I wish the American press had the courage of the German press. This article from Der Spiegel nails it.
Donald Trump is not fit to be president of the United States. He does not possess the requisite intellect and does not understand the significance of the office he holds nor the tasks associated with it. He doesn’t read. He doesn’t bother to peruse important files and intelligence reports and knows little about the issues that he has identified as his priorities. His decisions are capricious and they are delivered in the form of tyrannical decrees.
He is a man free of morals. As has been demonstrated hundreds of times, he is a liar, a racist and a cheat. I feel ashamed to use these words, as sharp and loud as they are. But if they apply to anyone, they apply to Trump. And one of the media’s tasks is to continue telling things as they are: Trump has to be removed from the White House. Quickly. He is a danger to the world.
Trump is a miserable politician. He fired the FBI director simply because he could. James Comey had gotten under his skin with his investigation into Trump’s confidants. Comey had also refused to swear loyalty and fealty to Trump and to abandon the investigation. He had to go.
Witnessing an American Tragedy
Trump is also a miserable boss. His people invent excuses for him and lie on his behalf because they have to, but then Trump wakes up and posts tweets that contradict what they have said. He doesn’t care that his spokesman, his secretary of state and his national security adviser had just denied that the president had handed Russia (of all countries) sensitive intelligence gleaned from Israel (of all countries). Trump tweeted: Yes, yes, I did, because I can. I’m president after all.
Nothing is as it should be in this White House. Everyone working there has been compromised multiple times and now they all despise each other – and everyone except for Trump despises Trump. Because of all that, after just 120 days of the Trump administration, we are witness to an American tragedy for which there are five theoretical solutions.
The first is Trump’s resignation, which won’t happen. The second is that Republicans in the House and Senate support impeachment, which would be justified by the president’s proven obstruction of justice, but won’t happen because of the Republicans’ thirst for power, which they won’t willingly give up. The third possible solution is the invocation of the 25th Amendment, which would require the cabinet to declare Trump unfit to discharge the powers of the presidency. That isn’t particularly likely either. Fourth: The Democrats get ready to fight and win back majorities in the House and Senate in midterm elections, which are 18 months away, before they then pursue option two, impeachment. Fifth: the international community wakes up and finds a way to circumvent the White House and free itself of its dependence on the U.S. Unlike the preceding four options, the fifth doesn’t directly solve the Trump problem, but it is nevertheless necessary – and possible.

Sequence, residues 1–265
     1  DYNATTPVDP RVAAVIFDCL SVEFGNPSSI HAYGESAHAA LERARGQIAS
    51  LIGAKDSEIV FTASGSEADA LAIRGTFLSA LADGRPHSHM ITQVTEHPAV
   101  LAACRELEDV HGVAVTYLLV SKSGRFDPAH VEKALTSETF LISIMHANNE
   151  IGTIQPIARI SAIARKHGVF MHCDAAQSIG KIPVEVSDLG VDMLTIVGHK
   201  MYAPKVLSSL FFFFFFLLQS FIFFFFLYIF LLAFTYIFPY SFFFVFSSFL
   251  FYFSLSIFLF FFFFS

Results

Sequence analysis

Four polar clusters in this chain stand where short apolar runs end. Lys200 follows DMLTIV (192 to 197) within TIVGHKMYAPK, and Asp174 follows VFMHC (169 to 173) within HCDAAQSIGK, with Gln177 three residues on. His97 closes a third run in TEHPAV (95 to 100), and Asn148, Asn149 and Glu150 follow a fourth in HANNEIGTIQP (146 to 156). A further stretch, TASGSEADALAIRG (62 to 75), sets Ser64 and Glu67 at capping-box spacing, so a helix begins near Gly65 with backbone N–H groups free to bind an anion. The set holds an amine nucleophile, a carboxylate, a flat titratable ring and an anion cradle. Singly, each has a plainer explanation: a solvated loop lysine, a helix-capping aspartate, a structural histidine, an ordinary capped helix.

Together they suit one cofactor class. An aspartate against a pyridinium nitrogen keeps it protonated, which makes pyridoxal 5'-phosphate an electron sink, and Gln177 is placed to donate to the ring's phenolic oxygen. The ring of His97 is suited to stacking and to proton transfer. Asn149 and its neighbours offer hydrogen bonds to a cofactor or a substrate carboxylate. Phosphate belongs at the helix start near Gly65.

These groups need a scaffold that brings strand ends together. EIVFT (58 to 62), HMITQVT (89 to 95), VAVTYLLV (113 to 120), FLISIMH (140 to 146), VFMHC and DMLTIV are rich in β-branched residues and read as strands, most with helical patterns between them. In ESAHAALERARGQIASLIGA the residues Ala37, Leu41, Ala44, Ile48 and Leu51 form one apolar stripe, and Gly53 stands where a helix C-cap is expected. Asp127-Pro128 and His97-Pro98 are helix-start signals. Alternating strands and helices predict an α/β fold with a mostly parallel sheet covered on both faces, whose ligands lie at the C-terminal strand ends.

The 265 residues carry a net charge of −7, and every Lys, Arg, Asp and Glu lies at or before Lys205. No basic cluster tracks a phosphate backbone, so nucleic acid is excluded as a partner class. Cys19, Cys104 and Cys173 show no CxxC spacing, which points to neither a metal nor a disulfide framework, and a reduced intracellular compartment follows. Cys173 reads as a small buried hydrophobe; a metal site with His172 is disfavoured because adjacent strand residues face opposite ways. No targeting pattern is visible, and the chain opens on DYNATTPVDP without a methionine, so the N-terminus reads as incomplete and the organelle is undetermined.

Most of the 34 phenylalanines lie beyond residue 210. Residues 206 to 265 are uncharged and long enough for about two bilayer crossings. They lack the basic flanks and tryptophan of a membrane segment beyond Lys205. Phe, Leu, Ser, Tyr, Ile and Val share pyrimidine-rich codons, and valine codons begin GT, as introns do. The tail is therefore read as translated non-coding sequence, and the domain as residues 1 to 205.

No Goals and No Strategy
Not quite two weeks ago, a number of experts and politicians focused on foreign policy met in Washington at the invitation of the Munich Security Conference. It wasn’t difficult to sense the atmosphere of chaos and agony that has descended upon the city.
The U.S. elected a laughing stock to the presidency and has now made itself dependent on a joke of a man. The country is, as David Brooks wrote recently in the New York Times, dependent on a child. The Trump administration has no foreign policy because Trump has consistently promised American withdrawal while invoking America’s strength. He has promised both no wars and more wars. He makes decisions according to his mood, with no strategic coherence or tactical logic. Moscow and Beijing are laughing at America. Elsewhere, people are worried.
In the Pacific, warships – American and Chinese – circle each other in close proximity. The conflict with North Korea is escalating. Who can be certain that Donald Trump won’t risk nuclear war simply to save his own skin? Efforts to stop climate change are in trouble and many expect the U.S. to withdraw from the Paris Agreement because Trump is wary of legally binding measures. Crises, including those in Syria and Libya, are escalating, but no longer being discussed. And who should they be discussed with? Phone calls and emails to the U.S. State Department go unanswered. Nothing is regulated, nothing is stable and the trans-Atlantic relationship hardly exists anymore. German Foreign Minister Sigmar Gabriel and Bundestag Foreign Affairs Committee Chair Norbert Röttgen fly back and forth, but Germany and the U.S. no longer understand each other. Hardly any real communication takes place, there are no joint foreign policy goals and there is no strategy.
In “Game of Thrones,” the Mad King was murdered (and the child that later took his place was no better). In real life, an immature boy sits on the throne of the most important country in the world. He could, at any time, issue a catastrophic order that would immediately be carried out. That is why the parents cannot afford to take their eyes off him even for a second. They cannot succumb to exhaustion because he is so taxing. They ultimately have to send him to his room – and return power to the grownups.